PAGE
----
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Aim: This study aims to investigate the effects of the COVID-19 pandemic on the outcomes of patients operated for hip fractures, to determine the effect on mortality in the first postoperative year, and to compare it with the pre-pandemic period.
Materials and Methods: This retrospectively designed study includes 291 patients who are operated on for hip fractures. The patients are divided into two groups: 134 patients admitted between 11 March-31 December 2019 (pre-COVID-19 period) and 157 patients admitted between 11 March-31 December 2020 (COVID-19 period). Age, gender, fracture type, an implant used, smoking habits, operation waiting time, postoperative intensive care hospitalization, length of hospital stay, COVID-19 status, Charlson comorbidity index scores, and mortality rates are evaluated based on the data from hospital the records.
Results: Although there has been an increase in mortality rates in the COVID-19 period, both in the postoperative one-year one year and in the postoperative 30-day period, there is no statistically significant difference (p>0.05). Although the mortality rate of COVID-19 positive patients is higher in one-year postoperativetively than negative patients, it is demonstrated that this difference is not statistically significant (p>0.05). In addition, it is determined that the mortality rates of COVID-19 positive patients in the postoperative 30-day period has increased significantly compared to COVID-19 negatives (p=0.035).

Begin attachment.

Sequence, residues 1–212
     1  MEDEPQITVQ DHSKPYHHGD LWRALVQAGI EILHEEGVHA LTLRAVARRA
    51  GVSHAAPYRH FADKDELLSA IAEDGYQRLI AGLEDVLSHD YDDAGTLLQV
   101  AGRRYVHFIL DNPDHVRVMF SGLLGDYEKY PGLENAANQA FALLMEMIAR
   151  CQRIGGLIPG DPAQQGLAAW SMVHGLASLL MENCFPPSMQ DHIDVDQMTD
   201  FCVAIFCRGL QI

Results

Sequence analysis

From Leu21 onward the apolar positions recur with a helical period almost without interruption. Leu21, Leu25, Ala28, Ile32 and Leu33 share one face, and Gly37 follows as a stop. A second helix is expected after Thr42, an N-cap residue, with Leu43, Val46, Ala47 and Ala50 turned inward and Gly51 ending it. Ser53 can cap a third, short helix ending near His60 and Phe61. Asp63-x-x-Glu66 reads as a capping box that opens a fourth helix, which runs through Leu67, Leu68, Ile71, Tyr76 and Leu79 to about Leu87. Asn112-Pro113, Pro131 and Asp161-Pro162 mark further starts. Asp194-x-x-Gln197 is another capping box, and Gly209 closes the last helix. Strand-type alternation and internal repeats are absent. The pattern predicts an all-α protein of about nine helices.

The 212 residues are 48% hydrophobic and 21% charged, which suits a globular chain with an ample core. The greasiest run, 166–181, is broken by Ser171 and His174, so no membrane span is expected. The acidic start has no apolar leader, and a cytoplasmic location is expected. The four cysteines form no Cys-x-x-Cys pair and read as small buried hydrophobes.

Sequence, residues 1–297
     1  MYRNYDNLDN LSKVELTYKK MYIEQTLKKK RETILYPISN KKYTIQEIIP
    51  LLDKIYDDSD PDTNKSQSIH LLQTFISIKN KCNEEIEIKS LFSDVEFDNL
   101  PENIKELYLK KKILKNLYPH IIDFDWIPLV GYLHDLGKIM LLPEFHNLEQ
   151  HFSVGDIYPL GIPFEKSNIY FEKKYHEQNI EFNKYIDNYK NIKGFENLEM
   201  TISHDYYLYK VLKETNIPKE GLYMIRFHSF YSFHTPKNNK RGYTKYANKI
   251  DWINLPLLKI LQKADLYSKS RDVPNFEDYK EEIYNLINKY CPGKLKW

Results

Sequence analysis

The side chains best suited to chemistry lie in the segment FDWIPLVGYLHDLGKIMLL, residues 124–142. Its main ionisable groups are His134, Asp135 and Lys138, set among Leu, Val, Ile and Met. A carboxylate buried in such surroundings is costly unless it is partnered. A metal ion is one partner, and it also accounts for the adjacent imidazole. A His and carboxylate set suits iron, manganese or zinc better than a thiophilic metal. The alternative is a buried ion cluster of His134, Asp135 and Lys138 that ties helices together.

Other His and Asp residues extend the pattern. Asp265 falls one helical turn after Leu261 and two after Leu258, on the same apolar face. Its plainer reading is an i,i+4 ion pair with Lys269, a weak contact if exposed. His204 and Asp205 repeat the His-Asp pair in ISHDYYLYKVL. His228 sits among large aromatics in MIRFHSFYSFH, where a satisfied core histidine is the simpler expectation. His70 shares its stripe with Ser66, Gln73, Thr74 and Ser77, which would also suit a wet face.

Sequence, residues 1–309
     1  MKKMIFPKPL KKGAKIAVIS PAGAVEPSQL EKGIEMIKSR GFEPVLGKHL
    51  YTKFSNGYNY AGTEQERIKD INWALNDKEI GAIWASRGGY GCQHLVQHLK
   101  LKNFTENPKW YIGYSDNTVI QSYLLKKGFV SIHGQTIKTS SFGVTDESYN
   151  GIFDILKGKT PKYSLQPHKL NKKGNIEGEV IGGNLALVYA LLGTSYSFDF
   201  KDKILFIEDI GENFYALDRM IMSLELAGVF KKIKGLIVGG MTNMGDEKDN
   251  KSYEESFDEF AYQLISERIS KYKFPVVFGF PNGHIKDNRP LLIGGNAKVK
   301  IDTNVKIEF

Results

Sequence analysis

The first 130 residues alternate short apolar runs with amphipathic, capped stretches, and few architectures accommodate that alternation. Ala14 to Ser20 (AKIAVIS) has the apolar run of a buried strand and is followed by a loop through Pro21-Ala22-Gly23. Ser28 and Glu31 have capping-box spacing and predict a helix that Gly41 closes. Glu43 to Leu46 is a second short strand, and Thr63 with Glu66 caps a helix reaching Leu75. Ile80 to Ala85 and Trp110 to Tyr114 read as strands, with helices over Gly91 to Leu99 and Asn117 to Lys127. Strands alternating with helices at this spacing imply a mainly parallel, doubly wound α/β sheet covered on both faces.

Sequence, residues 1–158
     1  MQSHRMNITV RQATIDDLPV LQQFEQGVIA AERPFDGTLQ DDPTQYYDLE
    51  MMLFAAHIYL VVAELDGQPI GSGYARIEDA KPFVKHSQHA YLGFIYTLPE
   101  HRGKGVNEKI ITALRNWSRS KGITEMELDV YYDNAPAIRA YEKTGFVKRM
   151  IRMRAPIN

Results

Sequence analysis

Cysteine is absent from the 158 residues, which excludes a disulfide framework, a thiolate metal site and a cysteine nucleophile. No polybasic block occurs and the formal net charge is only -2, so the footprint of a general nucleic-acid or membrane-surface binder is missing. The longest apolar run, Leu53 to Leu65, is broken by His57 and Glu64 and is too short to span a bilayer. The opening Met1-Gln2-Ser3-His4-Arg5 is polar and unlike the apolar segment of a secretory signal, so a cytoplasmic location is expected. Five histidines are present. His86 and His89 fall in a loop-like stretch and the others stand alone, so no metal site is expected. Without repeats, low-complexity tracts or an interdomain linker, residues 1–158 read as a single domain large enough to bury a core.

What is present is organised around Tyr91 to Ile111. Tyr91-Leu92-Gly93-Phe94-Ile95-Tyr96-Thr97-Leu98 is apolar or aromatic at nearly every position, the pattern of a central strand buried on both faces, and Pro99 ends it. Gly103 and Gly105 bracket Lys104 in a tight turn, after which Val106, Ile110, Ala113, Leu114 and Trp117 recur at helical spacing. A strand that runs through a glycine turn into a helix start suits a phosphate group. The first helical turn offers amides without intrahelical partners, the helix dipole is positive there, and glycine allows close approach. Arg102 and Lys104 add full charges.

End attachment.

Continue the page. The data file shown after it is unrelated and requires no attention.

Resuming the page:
Conclusion: Mortality rates similar to those before the COVID-19 period are found considering the one-year mortality rates in patients operated for hip fracture. However, there is a strong correlation between COVID-19 positivity and high mortality outcomes, especially in the postoperative 30-day period.
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